Wednesday, December 19, 2007

Back to square one

Dec.19, 2007

Back to square one in Lebanon

With the postponement of Lebanon's presidential election for a ninth time on Monday, to Dec.22, the country has moved to what could be seen as a make-or-break point in efforts to salvage itself from factional strife.
The rival groups stood firm on their positions on Monday despite international efforts, including a last-ditch US move, to convince them to proceed to a vote and avoid plunging the country into further chaos.
It is not as if they do not agree on who should be the next president of Lebanon. They simply disagree on how to go through the constitutional process to elect army chief Michel Suleiman as the country's president to succeed Emile Lahoud, who stepped down at the end of his term with no elected successor last month.
The tug-of-war has deep political implications. The opposition does not want to give "legitimacy" to the government of Prime Minister Fuad Siniora by involving it in the constitutional process. The government is determined not to allow that to happen because it is very survival is at stake in the power struggle since the opposition insists on replacing it and having a say in deciding who would lead a new government and how many cabinet seats each camp would get.
There was hope until Monday that increased American and French pressure had led to a compromise that would see Suleiman being installed as president. However, as Christian leader Samir Geagea explained, it was only a rumour that was floated at easing the tension created by the American and French pressure.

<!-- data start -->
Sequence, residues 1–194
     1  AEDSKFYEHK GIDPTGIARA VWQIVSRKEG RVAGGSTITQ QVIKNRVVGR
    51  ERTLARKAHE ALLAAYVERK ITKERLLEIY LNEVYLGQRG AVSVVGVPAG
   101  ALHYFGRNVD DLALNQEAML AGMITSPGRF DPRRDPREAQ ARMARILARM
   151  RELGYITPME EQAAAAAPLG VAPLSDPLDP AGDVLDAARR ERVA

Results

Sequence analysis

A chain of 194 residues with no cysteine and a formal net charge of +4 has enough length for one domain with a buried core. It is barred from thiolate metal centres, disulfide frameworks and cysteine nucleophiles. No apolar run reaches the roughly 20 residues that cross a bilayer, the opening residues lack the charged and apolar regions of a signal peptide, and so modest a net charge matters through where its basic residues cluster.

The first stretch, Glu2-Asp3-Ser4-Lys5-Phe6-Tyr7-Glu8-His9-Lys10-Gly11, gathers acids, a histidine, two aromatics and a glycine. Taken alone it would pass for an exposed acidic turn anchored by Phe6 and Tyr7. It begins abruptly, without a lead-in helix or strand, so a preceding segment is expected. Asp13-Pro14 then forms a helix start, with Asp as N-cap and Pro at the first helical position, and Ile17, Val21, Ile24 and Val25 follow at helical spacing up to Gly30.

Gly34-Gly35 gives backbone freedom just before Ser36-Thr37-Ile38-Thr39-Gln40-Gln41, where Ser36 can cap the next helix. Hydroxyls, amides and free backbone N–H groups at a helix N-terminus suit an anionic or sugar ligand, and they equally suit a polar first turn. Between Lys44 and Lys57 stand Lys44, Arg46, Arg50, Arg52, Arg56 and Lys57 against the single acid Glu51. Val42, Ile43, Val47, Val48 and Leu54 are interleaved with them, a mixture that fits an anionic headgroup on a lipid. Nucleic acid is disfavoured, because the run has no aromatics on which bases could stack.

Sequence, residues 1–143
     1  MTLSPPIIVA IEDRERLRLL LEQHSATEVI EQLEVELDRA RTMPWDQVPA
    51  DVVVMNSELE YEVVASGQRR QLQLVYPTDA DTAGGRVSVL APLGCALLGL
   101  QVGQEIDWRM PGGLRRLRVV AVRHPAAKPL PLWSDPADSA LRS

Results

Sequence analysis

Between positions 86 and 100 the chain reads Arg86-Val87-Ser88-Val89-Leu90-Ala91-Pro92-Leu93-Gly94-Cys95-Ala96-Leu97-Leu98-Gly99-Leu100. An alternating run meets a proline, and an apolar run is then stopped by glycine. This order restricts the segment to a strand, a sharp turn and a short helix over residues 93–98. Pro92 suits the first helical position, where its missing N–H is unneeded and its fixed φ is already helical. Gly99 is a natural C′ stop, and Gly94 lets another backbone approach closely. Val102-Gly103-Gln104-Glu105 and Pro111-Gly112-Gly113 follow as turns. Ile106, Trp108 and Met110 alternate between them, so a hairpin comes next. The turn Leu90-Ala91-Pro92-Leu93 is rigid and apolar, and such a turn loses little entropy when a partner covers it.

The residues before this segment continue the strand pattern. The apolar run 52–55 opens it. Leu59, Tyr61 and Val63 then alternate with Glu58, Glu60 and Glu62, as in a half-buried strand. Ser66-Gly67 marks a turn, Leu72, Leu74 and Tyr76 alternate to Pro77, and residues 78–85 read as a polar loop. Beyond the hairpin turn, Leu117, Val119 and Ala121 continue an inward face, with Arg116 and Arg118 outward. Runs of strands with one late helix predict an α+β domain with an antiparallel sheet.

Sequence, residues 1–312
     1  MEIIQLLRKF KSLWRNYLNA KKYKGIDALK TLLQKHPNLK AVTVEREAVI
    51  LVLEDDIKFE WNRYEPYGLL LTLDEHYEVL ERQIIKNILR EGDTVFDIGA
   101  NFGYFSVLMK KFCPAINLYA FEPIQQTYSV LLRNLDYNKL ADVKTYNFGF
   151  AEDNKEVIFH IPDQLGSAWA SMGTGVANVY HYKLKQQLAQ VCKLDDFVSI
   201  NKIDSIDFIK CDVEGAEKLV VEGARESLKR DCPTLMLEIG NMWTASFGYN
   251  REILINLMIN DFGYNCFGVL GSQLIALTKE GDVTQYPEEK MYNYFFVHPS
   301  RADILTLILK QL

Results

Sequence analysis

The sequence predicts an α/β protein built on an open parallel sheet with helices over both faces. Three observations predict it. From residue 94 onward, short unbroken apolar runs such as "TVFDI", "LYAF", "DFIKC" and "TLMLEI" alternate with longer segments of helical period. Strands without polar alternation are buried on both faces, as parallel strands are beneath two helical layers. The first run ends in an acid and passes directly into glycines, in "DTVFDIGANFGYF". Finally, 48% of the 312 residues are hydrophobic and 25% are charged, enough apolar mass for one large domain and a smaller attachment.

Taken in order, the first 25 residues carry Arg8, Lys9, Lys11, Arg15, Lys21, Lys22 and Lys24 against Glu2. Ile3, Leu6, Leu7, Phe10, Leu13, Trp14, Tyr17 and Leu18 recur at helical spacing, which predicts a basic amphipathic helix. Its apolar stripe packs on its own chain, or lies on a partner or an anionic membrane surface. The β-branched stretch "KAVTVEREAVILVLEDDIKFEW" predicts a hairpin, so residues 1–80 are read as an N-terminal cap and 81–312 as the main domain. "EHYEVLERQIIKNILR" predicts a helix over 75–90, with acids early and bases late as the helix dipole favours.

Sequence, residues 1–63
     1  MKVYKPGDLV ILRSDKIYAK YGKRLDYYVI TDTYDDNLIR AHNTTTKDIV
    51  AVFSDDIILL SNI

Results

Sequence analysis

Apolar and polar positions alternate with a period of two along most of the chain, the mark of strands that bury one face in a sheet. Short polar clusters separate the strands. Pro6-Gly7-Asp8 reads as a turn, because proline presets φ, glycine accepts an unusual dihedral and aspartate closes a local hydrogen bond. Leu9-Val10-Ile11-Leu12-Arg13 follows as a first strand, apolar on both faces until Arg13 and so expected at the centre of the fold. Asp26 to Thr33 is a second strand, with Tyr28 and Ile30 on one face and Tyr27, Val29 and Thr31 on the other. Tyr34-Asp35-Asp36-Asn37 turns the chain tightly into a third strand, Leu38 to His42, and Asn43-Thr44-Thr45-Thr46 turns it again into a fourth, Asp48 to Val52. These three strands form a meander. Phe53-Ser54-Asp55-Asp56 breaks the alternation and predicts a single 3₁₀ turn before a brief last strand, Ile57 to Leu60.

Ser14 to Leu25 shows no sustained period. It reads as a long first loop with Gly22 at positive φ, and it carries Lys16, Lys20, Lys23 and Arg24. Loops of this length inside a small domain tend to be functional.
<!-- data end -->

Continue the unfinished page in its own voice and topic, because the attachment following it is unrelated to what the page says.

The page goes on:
Obviously, it would mean that the various parties involved do not have any serious intention to accept any compromise. They simply want to ward off pressure.
There was little public sign of either side stepping back on Monday although some politicians insisted that a solution could be found.
The government and opposition have five days to work on a solution. It is doubtful that they would to work out compromise in five days to solve a problem that has haunted the country for months now.
Surely, the feuding groups must have their own plans on how to go about if they did not have their way by Dec.22. However, they should realise that missing the deadline could create new facts on the ground that could make a compromise all the more difficult and perhaps even push the country beyond the brink towards civil strife.
The future of Lebanon is indeed at stake and it is the duty of the feuding politicians not to let that reality fade into the background as they pursue their conflicting agendas.